The (then) estimable theatre journal Plays and Players declared Light Shining in Buckinghamshire, in which different actors played the same character, to be "one of the finest pieces of English playwrighting for years", but the big break came three years later in 1979 with Cloud Nine. Like Light Shining, it was written for Max Stafford-Clark's company Joint Stock and its dynamite cast (including Julie Covington, Antony Sher and Miriam Margolyes) who were wittily embracing gender-bending long before anyone dreamed of the term. Joint Stock pioneered a collaborative approach to playwriting, something which has had a marked effect on Churchill and scores of writers since. "It was very exhilarating because it was a completely different way of working." Wasn't it scary giving up authorial control? "Yes, a little bit, but there's a misconception sometimes that the actual writing process becomes collaborative. Some companies create wholly devised plays but I've never gone that far into collaboration." Joint Stock's method was based on an extended workshop / research period, after which the writer would go away and write. "And then there is more rewriting in rehearsal because you've got a group of people you work with and trust. And they trust you because you've all shared that research time. I would be much more open to changing things than if it had been something I had written alone."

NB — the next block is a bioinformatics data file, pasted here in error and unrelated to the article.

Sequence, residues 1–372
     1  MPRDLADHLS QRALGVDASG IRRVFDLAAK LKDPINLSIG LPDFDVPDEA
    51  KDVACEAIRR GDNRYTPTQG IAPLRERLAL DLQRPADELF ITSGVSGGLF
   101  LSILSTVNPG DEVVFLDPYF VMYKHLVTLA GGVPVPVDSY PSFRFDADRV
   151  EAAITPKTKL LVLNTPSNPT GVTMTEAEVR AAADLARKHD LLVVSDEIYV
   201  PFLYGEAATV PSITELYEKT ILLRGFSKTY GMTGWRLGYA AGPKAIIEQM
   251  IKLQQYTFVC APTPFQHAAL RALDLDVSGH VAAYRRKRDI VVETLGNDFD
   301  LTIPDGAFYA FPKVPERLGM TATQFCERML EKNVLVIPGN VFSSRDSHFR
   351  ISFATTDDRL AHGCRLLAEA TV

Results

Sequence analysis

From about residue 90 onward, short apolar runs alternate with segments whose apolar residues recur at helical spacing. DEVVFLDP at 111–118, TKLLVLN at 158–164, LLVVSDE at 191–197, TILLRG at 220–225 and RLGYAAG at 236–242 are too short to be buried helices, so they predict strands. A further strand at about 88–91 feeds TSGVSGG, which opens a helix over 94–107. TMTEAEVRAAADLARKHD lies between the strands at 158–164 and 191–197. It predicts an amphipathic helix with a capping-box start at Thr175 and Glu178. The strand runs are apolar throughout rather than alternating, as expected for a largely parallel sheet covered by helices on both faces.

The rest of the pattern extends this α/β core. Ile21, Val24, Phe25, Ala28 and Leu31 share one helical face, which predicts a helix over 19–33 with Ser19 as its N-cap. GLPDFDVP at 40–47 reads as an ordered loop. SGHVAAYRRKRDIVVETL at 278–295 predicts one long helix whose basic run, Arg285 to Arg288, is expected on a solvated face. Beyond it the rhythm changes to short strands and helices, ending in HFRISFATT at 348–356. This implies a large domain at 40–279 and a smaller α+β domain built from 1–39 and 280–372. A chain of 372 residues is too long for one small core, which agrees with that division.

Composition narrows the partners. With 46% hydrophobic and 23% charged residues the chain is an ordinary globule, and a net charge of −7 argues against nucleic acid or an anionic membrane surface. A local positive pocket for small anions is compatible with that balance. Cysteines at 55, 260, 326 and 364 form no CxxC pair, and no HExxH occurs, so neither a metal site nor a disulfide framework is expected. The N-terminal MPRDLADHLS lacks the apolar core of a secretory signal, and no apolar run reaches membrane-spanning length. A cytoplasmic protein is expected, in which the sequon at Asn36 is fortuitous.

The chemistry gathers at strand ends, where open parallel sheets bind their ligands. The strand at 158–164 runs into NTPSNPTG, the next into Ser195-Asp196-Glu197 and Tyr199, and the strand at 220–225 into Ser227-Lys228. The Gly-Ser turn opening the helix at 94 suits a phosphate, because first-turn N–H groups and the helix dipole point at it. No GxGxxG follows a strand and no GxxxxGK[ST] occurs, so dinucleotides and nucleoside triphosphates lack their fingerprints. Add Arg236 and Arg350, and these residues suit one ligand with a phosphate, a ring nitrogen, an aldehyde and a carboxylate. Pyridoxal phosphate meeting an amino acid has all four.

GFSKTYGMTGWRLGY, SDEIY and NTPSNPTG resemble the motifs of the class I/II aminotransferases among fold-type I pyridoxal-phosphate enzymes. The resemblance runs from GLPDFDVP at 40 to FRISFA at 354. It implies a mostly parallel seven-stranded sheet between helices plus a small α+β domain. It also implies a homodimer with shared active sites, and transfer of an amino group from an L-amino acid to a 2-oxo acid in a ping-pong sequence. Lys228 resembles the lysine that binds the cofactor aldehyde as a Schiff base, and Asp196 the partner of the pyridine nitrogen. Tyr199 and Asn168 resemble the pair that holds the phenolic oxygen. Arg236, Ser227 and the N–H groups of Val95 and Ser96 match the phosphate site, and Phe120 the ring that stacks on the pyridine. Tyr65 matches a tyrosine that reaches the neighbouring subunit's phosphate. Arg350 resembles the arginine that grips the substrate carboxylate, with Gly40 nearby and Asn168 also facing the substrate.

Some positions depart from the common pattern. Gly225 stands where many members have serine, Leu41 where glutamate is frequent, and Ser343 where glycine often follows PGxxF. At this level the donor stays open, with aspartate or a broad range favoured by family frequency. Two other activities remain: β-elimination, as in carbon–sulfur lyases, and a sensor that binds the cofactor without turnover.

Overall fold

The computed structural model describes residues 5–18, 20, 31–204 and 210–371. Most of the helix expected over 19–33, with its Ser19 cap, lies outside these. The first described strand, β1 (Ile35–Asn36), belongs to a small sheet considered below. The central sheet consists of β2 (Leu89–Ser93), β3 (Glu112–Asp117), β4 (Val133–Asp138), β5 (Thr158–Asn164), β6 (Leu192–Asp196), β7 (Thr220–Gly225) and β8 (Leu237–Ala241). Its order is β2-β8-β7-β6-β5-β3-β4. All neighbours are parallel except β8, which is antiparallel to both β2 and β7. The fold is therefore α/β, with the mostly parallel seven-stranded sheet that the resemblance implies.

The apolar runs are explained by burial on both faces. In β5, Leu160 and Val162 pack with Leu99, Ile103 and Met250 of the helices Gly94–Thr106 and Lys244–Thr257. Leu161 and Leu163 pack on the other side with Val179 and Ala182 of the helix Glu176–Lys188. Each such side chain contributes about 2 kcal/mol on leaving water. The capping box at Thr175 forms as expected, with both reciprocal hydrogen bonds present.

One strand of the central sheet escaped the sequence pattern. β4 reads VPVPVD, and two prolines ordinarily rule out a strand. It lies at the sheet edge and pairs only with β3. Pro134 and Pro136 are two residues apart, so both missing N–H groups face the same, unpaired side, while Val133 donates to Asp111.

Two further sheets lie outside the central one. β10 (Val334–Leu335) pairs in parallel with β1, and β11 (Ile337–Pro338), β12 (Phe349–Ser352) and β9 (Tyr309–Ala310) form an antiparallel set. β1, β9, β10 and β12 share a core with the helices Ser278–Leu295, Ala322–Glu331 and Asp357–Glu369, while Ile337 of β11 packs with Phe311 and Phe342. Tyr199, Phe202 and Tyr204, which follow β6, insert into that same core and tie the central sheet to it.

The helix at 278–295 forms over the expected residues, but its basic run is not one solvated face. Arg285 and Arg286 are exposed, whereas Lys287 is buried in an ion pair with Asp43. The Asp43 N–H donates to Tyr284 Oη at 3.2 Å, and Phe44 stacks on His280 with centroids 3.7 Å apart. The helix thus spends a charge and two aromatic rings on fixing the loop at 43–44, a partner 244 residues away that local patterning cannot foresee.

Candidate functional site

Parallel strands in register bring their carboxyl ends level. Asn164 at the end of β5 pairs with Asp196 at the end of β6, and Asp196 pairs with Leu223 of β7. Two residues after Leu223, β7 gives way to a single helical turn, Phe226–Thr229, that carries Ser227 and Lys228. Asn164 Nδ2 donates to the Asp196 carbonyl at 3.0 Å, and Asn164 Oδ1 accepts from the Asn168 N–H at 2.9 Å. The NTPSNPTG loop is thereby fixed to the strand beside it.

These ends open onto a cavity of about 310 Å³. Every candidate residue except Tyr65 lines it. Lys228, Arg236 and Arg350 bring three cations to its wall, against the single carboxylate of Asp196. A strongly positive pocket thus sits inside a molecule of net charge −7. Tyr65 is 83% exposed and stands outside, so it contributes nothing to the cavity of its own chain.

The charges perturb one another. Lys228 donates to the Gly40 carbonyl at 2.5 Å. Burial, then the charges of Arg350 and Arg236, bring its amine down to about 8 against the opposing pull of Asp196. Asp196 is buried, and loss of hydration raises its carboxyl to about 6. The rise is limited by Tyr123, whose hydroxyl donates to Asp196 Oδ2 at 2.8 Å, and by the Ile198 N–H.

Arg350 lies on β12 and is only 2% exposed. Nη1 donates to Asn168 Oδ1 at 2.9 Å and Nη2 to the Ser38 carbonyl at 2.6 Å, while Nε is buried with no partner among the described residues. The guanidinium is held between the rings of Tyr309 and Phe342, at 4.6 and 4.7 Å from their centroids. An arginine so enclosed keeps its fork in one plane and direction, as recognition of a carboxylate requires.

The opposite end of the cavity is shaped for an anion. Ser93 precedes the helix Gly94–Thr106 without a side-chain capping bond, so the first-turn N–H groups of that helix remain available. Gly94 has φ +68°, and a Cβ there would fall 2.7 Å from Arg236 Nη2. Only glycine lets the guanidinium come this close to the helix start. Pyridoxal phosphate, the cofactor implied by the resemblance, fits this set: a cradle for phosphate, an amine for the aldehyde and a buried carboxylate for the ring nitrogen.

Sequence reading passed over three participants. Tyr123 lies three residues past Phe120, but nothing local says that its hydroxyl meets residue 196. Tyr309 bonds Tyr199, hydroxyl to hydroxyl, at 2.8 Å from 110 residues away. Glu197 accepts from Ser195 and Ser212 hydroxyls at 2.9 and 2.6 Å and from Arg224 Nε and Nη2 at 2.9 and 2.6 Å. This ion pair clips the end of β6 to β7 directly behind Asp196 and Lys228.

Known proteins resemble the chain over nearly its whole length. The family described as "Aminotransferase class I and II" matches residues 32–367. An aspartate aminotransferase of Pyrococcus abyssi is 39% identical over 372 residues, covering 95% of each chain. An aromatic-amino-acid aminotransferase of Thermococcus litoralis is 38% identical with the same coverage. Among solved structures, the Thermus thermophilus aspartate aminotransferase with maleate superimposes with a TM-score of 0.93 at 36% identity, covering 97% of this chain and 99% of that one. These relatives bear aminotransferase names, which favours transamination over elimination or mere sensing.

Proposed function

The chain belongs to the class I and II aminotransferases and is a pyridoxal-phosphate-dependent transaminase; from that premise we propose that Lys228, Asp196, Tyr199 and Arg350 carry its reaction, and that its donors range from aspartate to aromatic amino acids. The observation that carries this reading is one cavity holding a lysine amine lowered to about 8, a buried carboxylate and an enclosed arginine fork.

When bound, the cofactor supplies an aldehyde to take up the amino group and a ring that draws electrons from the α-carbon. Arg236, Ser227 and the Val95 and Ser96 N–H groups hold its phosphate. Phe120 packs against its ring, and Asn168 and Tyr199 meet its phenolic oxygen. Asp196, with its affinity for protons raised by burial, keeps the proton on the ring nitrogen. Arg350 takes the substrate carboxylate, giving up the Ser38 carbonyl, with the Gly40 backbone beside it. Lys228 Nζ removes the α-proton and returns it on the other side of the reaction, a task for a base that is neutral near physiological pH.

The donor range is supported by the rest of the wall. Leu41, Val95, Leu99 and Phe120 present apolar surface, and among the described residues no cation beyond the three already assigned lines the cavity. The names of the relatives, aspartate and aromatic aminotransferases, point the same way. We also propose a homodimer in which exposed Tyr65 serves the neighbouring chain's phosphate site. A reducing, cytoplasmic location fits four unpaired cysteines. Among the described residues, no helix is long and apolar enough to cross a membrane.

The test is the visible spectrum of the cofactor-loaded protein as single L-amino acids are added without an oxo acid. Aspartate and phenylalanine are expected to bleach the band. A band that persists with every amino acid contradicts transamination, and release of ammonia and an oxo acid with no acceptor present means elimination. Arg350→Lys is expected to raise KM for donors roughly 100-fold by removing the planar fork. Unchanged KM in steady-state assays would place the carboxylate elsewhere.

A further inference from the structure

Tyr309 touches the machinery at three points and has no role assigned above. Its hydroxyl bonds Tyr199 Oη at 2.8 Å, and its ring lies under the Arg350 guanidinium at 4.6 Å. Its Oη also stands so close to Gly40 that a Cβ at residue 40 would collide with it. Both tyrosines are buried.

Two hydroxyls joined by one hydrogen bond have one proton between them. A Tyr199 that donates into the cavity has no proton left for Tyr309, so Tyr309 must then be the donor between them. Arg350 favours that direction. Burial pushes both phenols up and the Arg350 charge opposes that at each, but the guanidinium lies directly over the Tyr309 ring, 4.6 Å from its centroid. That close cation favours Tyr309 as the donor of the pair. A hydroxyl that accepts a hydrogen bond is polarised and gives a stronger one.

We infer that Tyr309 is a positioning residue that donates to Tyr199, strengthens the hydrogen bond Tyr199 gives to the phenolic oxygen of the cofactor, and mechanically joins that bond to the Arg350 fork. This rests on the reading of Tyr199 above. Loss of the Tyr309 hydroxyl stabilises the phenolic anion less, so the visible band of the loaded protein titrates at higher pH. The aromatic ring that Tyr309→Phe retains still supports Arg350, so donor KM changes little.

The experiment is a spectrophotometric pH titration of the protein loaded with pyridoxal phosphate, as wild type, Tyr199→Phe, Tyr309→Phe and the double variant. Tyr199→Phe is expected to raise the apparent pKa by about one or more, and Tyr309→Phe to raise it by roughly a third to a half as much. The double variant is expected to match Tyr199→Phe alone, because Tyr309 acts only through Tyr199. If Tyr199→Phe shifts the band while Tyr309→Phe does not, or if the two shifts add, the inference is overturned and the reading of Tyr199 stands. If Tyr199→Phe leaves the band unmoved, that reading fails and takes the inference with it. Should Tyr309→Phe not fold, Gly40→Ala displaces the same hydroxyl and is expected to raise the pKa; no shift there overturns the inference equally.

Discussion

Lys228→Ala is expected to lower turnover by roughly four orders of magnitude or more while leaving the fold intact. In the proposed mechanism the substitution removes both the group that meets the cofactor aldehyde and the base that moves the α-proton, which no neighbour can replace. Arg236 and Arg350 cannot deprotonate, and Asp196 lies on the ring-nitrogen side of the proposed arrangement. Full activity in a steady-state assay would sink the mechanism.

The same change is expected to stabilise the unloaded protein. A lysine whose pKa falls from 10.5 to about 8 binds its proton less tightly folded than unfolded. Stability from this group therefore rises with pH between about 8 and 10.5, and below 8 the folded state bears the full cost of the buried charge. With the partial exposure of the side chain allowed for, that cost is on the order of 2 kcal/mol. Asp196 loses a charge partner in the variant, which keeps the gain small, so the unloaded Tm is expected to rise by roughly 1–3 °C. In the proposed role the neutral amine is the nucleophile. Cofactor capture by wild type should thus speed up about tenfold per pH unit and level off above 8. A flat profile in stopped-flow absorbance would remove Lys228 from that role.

Since then, Churchill's work has split between plays created on her own and those that have grown out of collaboration, notably the dance/ theatre works The Lives of the Great Poisoners and the forthcoming two-part Hotel, both written with long-term co-conspirators choreographer Ian Spink and composer Orlando Gough for Second Stride. "Hotel started from an idea I had of something which might work as an opera with Orlando, which was of eight lots of people in eight rooms, which would appear on stage as one room." Eyebrows might be raised at the idea of a dance company presenting an opera, but if anyone can pull it off, it's these three whose experience, versatility and sheer success rate with formal experiment is matched by no one in this country except Lloyd Newson and DV8.